My Turn: Child protection today and tomorrow

For the Monitor
Monday, December 04, 2017

With a myriad of political disruptions and global uncertainty portrayed in the media, it can be difficult to see what is going right. I want to report that there is a lot going right to help New Hampshire children be safe.

When I entered the Legislature in 2015 there had been two unfortunate deaths of young children at the hands of their caregivers. This captured the attention of many throughout the state, creating a cascade of actions that have resulted in significant improvements.

At the behest of then-senator David Boutin, a commission was created in 2015 that identified and corrected problems related to the interaction of law enforcement and child protection systems. This commission recommended creation of an Office of Child Advocate, which is on the verge of being implemented. Legislation also created a category of active cases in the Division of Children, Youth and Families where children remain in the custody of their parents while DCYF maintains oversight. The Legislature further advanced legislation that permits DCYF to start working with families involved with opioids before a child is hurt or neglected.

In the beginning of 2016, then-governor Maggie Hassan appointed Jeffrey Meyers as commissioner of the Department of Health and Human Services and ordered an independent study of the investigation procedures of DCYF. Meyers worked with the legislative commission throughout 2016 to address a number of the most outstanding issues involving DCYF. This included expanded access to technology and creation of a 24/7 intake and response capability. In December 2016, the independent study made 20 major recommendations, all of which are being addressed.

Starting in 2017 there were major changes in DCYF leadership. Christine Tappan was brought on board as an associate DHHS commissioner. She has broad national experience in child protection and assumed complete oversight of DCYF pending the recruitment of a new DCYF director. Tappan’s national perspective has permitted her to bring a systems approach to the protection of New Hampshire’s children while implementing necessary changes within the agency. In the past month, attorney Joe Ribsam, formerly a deputy director of child protection services in New Jersey, has assumed the position of DCYF director.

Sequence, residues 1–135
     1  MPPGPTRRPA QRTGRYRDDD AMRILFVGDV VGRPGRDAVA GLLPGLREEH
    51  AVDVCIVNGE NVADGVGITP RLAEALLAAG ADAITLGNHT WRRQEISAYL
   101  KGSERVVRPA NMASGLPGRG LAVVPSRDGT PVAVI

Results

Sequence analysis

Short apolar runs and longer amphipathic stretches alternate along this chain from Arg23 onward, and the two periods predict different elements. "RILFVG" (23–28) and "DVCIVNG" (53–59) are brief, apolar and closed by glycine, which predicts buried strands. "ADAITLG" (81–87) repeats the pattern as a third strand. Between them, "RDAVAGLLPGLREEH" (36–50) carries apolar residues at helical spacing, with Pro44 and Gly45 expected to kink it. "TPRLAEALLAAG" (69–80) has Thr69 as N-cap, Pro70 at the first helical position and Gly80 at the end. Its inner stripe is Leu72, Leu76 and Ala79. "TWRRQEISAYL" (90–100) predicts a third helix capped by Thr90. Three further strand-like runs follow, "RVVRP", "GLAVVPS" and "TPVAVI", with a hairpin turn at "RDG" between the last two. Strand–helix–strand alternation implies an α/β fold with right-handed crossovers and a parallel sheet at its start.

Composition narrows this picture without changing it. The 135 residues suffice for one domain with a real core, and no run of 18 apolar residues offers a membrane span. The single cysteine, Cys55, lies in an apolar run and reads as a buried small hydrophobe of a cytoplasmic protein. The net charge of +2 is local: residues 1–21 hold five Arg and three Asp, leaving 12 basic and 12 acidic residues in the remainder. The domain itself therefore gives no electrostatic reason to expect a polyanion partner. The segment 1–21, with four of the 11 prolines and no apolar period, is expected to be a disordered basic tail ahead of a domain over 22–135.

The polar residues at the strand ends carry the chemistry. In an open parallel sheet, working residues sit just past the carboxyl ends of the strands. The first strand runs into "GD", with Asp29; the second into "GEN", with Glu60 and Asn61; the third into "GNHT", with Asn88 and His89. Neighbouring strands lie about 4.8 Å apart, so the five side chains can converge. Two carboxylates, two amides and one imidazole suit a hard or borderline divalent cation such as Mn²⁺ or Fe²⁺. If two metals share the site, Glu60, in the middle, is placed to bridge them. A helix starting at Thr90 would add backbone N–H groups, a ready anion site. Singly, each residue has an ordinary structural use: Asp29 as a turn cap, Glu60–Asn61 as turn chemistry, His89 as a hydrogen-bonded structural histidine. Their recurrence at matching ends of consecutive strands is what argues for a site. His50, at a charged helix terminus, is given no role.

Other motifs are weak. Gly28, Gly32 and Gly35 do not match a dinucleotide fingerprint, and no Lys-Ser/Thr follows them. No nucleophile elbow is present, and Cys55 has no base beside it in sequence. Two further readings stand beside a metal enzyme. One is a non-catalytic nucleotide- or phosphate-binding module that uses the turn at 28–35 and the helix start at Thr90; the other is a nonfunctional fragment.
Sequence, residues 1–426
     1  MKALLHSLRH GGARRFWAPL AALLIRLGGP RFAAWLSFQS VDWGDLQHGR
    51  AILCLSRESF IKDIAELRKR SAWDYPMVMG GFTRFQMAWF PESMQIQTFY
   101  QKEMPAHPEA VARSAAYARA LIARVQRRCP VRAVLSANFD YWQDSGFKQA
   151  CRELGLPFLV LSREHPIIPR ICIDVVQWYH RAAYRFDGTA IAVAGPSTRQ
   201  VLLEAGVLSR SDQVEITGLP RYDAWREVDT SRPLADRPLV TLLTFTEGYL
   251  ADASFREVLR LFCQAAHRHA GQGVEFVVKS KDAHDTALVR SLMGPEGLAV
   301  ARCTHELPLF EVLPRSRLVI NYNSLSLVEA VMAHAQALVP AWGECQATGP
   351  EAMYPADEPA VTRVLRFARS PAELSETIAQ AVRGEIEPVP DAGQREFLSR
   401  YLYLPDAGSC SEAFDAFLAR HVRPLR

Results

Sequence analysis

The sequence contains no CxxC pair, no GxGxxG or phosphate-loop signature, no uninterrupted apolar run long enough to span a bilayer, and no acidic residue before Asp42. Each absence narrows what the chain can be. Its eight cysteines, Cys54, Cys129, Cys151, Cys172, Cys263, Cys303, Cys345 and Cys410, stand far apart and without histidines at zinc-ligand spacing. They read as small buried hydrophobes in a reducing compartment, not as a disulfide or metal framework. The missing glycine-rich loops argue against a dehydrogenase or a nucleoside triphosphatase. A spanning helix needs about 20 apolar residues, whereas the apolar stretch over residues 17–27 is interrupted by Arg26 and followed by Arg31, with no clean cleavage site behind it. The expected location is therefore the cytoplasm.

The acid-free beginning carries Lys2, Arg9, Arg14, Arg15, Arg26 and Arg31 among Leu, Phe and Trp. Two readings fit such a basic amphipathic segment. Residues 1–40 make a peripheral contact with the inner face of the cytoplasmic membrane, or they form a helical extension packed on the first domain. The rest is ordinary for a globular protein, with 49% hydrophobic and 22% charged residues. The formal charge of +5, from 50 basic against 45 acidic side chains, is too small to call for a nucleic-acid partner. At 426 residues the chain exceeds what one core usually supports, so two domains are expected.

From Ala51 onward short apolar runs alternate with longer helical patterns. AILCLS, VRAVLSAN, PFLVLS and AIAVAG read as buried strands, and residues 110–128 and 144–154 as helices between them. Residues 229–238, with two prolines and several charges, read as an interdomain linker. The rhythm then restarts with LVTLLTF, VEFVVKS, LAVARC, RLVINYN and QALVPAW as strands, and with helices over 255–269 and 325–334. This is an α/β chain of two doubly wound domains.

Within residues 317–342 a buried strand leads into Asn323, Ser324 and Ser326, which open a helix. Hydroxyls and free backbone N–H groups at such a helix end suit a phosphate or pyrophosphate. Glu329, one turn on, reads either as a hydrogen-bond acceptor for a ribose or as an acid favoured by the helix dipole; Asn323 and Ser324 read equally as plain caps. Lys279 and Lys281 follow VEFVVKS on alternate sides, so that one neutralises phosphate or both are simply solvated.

The work undertaken by the staff at DCYF is complex, intense and emotionally laden. Despite all of the good intentions of staff and leadership, disturbing incidents and setbacks are inevitable. Hopefully these will become the opportunity for us all to learn how we make New Hampshire an even safer place for children.

At this time, there is a lot of optimism within the child protection community. But there remains a large amount of work for all to do to be sure that these initiatives translate into improved protection for all of our children. Recruiting qualified staff to fill newly created positions has been a huge challenge. Closing the backlog of cases continues to be a major hurdle as new cases demand immediate attention. The Legislature has a responsibility to find funds to expand treatment for families in need. The overstretched foster family network is in need of more support and resources. And the opioid epidemic spins out of control, creating more children at risk of abuse or neglect.

New Hampshire has an amazing array of services designed to address the safety of children, including family resource centers, home visiting, employment security, N.H. Children’s Trust, N.H. Coalition Against Domestic and Sexual Violence, Spark N.H. and many more. However, while working well within their defined sphere, these services find it difficult to collaborate in a manner that addresses the needs of families in a truly comprehensive way. Families and children do not exist in isolation nor should the services that serve them. A system is needed to permit service collaboration to comprehensively meet the needs of families.

Associate Commissioner Tappan has described the process needed for creating a strong child protection system as “transformational.” And to accomplish this transformation she points out that we need a major effort to go upstream to prevent children from falling into the river of abuse and neglect. No one wants their child to be abused or neglected. To prevent this from happening parents need resources and support for themselves and their families. As a state, as a community and as individuals, we have a responsibility to ensure that parents have what they need to successfully raise and nurture children. All children in New Hampshire are our children.

(Rep. Skip Berrien of Exeter serves on the House Children and Family Law Committee, Commission to Review Child Abuse Fatalities and the Oversight Commission for Children’s Services.)